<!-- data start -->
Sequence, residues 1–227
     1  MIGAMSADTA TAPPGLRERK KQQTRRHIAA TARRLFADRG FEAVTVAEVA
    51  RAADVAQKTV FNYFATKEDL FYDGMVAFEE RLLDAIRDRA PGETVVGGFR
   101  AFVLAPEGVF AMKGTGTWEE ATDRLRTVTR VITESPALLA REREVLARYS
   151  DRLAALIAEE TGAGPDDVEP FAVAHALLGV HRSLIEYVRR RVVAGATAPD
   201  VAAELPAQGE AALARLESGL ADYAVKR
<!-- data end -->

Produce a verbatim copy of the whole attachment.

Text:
Sequence, residues 1–227
     1  MIGAMSADTA TAPPGLRERK KQQTRRHIAA TARRLFADRG FEAVTVAEVA
    51  RAADVAQKTV FNYFATKEDL FYDGMVAFEE RLLDAIRDRA PGETVVGGFR
   101  AFVLAPEGVF AMKGTGTWEE ATDRLRTVTR VITESPALLA REREVLARYS
   151  DRLAALIAEE TGAGPDDVEP FAVAHALLGV HRSLIEYVRR RVVAGATAPD
   201  VAAELPAQGE AALARLESGL ADYAVKR